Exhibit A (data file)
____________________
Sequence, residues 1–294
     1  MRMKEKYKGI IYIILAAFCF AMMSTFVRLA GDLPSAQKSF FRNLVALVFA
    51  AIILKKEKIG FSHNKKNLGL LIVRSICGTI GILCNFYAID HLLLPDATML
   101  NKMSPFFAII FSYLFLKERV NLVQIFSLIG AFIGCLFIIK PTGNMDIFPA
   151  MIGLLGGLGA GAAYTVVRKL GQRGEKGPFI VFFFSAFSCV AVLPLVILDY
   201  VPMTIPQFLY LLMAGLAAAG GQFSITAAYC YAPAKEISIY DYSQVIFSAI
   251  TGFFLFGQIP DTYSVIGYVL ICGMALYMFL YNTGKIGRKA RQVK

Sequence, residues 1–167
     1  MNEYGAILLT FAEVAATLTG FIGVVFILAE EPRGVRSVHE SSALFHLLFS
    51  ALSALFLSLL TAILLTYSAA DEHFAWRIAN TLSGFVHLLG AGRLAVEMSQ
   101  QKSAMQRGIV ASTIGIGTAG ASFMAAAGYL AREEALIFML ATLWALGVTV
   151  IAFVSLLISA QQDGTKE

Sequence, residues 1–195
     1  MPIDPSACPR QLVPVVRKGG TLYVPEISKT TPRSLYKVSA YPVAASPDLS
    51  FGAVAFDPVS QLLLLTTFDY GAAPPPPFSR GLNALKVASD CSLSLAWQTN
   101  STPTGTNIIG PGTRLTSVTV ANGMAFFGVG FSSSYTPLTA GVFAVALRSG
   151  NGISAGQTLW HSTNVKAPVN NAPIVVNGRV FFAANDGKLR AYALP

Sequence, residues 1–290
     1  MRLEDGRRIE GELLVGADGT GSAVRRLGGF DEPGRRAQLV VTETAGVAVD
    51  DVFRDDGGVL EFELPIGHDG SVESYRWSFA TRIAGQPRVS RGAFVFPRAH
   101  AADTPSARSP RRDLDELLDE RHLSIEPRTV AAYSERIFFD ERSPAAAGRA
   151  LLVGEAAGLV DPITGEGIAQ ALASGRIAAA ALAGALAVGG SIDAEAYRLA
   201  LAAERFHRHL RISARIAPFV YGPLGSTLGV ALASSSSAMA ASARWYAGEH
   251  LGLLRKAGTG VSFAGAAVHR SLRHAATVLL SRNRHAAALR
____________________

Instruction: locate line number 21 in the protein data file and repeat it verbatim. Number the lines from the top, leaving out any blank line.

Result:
   101  AADTPSARSP RRDLDELLDE RHLSIEPRTV AAYSERIFFD ERSPAAAGRA